By Peter Cohan
Mike Bergelson, CEO of Everwise, a service that connects mentors and protégées, believes mentoring is a great way for big companies like his former employer to develop talent. A study by a former Sun Microsystems executive found that employees who received mentoring were five times more likely to be promoted. And a study of successful people like Warren Buffett found that the second most important reason they believe they’ve been successful is great mentors (Buffett’s was Benjamin Graham).
Everwise has developed an algorithm that has contributed to a “96 percent match satisfaction rate.” Assuming that’s true, Bergelson should be an authority on why people agree to serve as mentors. Here are his four top reasons.
1. Give Back
Successful people I have interviewed often say that they were helped early in their career by someone who had achieved greatness. Now they believe that they should “pay it forward.”
But why do they feel that way? Some feel that they are repaying a debt to future generations; others believe that if their advice helps a younger person, it will make a little piece of them immortal; still others see mentoring as going back in a time machine and giving a younger version of themselves the advice that they wish they had received.
This last reason highlights the importance of matching the right mentor and protégé. After all, if a mentor finds a young person with similar life experiences–such as emigrating from Chile or competing in triathlons–it will strengthen the feeling of giving back to a younger version of herself.
2. Learn From Process
Many mentors claim that they learn by teaching. This observation brings to mind the Seinfeld episode about mentoring. In case you missed it, George Costanza needs to learn about risk management so he asks his protégé to record herself reading the book to him. (Naturally, Costanza took the idea of learning from mentoring and turning it on its head.)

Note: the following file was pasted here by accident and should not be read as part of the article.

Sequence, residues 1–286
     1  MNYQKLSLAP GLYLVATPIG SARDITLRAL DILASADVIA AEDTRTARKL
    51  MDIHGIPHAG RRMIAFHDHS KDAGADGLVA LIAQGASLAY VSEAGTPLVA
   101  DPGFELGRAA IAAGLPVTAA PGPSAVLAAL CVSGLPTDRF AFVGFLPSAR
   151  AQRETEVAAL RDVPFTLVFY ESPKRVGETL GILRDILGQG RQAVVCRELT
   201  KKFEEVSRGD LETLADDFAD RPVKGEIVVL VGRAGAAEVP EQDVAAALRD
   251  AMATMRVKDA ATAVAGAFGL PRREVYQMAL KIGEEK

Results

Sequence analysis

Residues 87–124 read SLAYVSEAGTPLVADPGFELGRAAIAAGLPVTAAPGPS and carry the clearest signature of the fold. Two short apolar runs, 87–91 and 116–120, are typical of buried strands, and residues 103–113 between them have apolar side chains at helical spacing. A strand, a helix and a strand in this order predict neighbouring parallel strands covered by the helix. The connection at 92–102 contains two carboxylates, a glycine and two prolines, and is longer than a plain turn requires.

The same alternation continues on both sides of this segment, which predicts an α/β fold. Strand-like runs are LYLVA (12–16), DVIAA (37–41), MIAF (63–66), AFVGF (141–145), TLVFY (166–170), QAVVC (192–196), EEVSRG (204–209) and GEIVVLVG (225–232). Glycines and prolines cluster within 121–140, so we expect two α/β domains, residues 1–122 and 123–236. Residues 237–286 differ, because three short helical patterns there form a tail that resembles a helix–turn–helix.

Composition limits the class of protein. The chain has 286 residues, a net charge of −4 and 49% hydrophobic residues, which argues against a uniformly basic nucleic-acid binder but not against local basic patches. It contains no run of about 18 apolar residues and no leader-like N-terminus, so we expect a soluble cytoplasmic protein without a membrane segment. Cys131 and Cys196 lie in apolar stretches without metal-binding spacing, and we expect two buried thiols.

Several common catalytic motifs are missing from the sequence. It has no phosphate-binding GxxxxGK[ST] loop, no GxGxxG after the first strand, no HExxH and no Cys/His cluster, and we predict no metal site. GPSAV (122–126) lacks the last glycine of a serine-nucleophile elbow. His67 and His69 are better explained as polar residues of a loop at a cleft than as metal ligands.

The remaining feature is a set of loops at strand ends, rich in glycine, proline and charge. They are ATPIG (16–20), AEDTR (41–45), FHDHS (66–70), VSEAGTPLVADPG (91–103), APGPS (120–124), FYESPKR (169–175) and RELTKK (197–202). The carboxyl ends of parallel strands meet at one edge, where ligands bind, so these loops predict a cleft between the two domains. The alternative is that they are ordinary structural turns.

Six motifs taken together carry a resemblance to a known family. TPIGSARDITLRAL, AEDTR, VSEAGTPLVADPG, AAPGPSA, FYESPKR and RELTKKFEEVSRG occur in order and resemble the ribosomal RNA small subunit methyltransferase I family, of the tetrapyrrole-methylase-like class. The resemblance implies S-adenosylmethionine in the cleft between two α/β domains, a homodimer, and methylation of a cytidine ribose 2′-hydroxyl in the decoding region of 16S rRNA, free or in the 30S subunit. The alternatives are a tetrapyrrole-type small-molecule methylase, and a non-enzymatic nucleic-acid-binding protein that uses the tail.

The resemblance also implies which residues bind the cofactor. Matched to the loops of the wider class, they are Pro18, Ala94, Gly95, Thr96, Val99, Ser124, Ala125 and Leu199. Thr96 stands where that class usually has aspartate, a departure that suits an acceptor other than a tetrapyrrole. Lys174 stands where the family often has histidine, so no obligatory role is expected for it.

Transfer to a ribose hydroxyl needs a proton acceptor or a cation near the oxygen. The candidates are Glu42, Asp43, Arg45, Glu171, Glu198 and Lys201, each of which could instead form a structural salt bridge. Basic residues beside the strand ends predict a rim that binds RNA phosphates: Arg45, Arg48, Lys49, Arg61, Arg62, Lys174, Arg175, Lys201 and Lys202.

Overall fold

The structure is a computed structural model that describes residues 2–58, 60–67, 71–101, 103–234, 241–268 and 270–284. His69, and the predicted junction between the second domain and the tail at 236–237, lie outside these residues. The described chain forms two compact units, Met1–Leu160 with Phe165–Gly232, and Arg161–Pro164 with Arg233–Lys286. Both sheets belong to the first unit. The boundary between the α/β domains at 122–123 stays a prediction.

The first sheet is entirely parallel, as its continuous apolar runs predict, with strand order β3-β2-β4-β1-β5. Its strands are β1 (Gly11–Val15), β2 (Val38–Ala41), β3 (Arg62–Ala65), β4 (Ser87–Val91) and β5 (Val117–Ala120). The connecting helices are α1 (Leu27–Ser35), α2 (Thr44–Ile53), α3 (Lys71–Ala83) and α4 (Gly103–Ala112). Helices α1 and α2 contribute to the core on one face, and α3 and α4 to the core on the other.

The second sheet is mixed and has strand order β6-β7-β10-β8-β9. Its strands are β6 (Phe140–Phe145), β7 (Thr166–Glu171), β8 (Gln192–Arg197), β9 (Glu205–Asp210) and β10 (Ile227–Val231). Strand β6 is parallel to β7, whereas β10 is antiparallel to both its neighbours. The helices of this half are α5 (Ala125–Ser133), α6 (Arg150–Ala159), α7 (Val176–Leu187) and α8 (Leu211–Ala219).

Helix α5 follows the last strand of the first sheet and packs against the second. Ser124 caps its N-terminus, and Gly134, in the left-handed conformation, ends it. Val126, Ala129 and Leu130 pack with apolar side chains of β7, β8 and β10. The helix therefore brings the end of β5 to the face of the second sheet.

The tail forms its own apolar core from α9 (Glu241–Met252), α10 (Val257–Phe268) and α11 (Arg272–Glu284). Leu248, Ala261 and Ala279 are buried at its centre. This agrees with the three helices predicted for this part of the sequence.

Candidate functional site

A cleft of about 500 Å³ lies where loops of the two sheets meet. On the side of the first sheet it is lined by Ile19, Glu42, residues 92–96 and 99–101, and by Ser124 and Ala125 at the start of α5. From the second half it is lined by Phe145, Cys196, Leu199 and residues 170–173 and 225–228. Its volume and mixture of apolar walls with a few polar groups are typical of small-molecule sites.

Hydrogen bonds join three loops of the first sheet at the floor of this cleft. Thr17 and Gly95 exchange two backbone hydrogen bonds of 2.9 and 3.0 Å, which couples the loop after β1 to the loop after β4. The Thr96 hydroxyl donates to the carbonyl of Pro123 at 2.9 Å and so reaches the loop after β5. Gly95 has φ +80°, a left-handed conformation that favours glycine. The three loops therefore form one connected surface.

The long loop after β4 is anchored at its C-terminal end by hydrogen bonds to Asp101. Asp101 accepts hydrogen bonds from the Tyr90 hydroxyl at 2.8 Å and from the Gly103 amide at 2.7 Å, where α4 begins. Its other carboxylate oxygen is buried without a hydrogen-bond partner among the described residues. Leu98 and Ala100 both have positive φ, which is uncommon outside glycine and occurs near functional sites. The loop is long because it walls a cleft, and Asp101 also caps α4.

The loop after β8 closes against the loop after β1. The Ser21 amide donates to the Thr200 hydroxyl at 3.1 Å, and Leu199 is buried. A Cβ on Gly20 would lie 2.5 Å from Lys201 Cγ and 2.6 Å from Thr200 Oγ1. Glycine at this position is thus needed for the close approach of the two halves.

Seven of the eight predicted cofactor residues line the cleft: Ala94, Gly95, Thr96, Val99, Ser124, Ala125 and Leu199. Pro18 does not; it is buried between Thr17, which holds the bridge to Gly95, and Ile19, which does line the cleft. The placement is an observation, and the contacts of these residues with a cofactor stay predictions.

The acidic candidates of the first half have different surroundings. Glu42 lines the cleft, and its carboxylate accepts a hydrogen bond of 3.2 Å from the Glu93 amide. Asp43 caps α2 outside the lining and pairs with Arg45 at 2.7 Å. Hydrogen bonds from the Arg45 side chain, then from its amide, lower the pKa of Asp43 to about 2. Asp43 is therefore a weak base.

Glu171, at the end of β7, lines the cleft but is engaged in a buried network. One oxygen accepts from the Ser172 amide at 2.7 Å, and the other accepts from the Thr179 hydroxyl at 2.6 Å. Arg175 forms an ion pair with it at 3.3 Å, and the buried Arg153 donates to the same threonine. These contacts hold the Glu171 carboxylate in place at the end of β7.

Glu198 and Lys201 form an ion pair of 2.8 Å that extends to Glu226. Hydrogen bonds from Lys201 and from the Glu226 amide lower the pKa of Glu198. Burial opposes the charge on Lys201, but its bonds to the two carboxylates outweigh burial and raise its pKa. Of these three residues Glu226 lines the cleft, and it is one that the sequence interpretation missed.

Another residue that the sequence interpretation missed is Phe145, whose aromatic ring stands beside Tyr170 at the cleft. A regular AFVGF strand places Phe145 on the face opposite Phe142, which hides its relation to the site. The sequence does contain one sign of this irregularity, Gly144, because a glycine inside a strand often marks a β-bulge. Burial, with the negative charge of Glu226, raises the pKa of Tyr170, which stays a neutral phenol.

Bergelson said that many mentors learn through the process of teaching others and they find that mentoring makes them better leaders. He said that 94 percent of mentors agree to repeat their experience because they “take away a lot from the process.”
3. Meet New People
Mentors also like the idea of meeting new people whom they can add to their “I knew when” list. After all, who doesn’t like the idea of bragging to associates that they knew [currently famous person X] before they became successful?
For mentors with this motive, there is also a potential financial benefit. The protégé might offer the mentor an opportunity to invest in an early-stage venture. And if that happens, the mentor may not only get bragging rights but a big slug of cash when he sells stock in the now successful venture.
4. Get Exposed to New Ideas
Protégés also expose mentors to new ideas. For example, the protégé might discuss how her company is using a new approach to innovation, pricing, or customer service. Mentors may be able to apply some of these best practices to their own activities.
People are willing to mentor for free because they already have–in the context of Maslow’s Hierarchy of Needs–met their physiological and safety needs and now seek esteem and self-actualization. Mentoring is a way to get there.
Peter Cohan is a strategy consultant, start-up investor, teacher, corporate speaker, pundit, and author.